Jews and Muslims were persecuted, and both groups had been expelled by the 17th century. Granada sank into a deep decline until the Romantics revived interest in its Islamic heritage during the 1830s, when tourism took hold.

Here is a little history of Alhambra.  It takes its name from the Arabic al-qala’a al-hamra (the Red Castle). The first palace on the site was built by Samuel Ha-Nagid, the Jewish grand vizier of one of Granada’s 11th-century Zirid sultans. In the 13th and 14th centuries the Nasrid emirs turned the area into a fortress-palace complex, adjoined by a village of which only ruins remain. After the Reconquista (Christian reconquest), the Alhambra’s mosque was replaced with a church, and the Convento de San Francisco (now the Parador de Granada) was built. Carlos I (also known as the Habsburg emperor Charles V), grandson of the Catholic Monarchs, had a wing of the palaces destroyed to make space for his huge Renaissance work, the Palacio de Carlos V. During the Napoleonic occupation the Alhambra was used as a barracks and nearly blown up. What one see’s today has been heavily but “respectfully" restored.

The Alhambra and the Generalife is a huge sightseeing undertaking.  You need at lease an entire day to see everything without rushing through.  I spent over seven hours there.  One major watch out is this complex is very crowded seven days a week especially during the summer months.  If you plan on visiting here make a reservation.  It will save you a lot of time waiting in line since even though its very crowded the number of people allowed in the complex at one time is strictly controlled.  So when you get there and you pick up your ticket you will be told exactly when you can enter the comples and exactly when you can enter Palacios Nazaries.  They give you a 15 minute window to get through the line and if you miss your appointed time you are SOL.  I made sure I was there on time.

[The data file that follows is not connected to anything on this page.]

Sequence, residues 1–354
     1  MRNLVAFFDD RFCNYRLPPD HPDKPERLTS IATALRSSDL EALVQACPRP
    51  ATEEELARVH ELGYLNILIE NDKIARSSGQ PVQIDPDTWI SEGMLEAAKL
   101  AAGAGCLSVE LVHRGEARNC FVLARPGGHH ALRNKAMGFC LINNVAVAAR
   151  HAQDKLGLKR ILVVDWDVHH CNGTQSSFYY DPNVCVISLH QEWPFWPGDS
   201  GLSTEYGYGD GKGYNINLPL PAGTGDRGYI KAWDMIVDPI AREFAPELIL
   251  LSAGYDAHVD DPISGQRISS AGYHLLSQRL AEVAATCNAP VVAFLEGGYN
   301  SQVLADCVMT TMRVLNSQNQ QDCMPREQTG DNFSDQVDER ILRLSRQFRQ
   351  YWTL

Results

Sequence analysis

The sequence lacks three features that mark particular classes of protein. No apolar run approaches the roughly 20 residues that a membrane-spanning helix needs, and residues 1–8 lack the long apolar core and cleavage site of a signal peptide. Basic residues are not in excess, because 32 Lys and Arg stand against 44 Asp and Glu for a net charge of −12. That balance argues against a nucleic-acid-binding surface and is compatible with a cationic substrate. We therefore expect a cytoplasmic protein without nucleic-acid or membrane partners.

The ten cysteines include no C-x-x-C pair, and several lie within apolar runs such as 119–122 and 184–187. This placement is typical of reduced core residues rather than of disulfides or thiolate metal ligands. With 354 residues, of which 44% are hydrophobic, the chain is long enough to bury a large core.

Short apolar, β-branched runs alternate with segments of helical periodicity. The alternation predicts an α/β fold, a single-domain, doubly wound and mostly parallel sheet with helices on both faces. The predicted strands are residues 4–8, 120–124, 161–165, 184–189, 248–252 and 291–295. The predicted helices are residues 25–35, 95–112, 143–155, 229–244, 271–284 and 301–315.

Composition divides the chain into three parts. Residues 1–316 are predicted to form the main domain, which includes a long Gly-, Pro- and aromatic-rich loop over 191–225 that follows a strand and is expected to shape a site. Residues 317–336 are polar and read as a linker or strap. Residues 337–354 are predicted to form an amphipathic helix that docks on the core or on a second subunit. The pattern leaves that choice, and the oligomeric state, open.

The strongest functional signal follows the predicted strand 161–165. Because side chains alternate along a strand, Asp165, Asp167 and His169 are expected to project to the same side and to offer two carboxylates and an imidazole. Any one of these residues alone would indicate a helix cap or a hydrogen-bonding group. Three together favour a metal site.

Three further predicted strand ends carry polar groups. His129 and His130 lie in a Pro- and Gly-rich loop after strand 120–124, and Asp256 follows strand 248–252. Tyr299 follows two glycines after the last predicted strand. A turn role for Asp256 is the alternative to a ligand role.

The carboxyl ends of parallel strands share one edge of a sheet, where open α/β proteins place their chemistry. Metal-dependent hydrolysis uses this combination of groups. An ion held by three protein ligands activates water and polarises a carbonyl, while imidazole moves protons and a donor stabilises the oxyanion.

A little bit about Generalife.  I know it sounds like an insurance company but the name is derived from Yannat al-arid, meaning “most nobal of gardens”.  Generalife is an arrangement of pathways, patios, pools, fountains, tall trees and, in season, flowers of every imaginable type and color. To reach the complex you must pass through the Alhambra walls.  At the north end is the emir’s summer palace , a whitewashed structure on the hillside facing the Alhambra. The courtyards here are soothing and graceful.

After a long but invigorating day I got back to my hotel and am writing this sitting on my little deck outside my room enjoying the pleasent temperatures and clear skys.  

Now it’s time to eat since it is 8:45 PM here and then back to to post this and pack for I have a 9:10 train to Madrid tomorrow morning.  By the way there is public transportation and there is a bus that will take me to the station tomorrow.

I’m using the Lonely Planet Guide To Spain and the Michelin Guide To Andalucia for my facts. © Louis M. Skypala 2014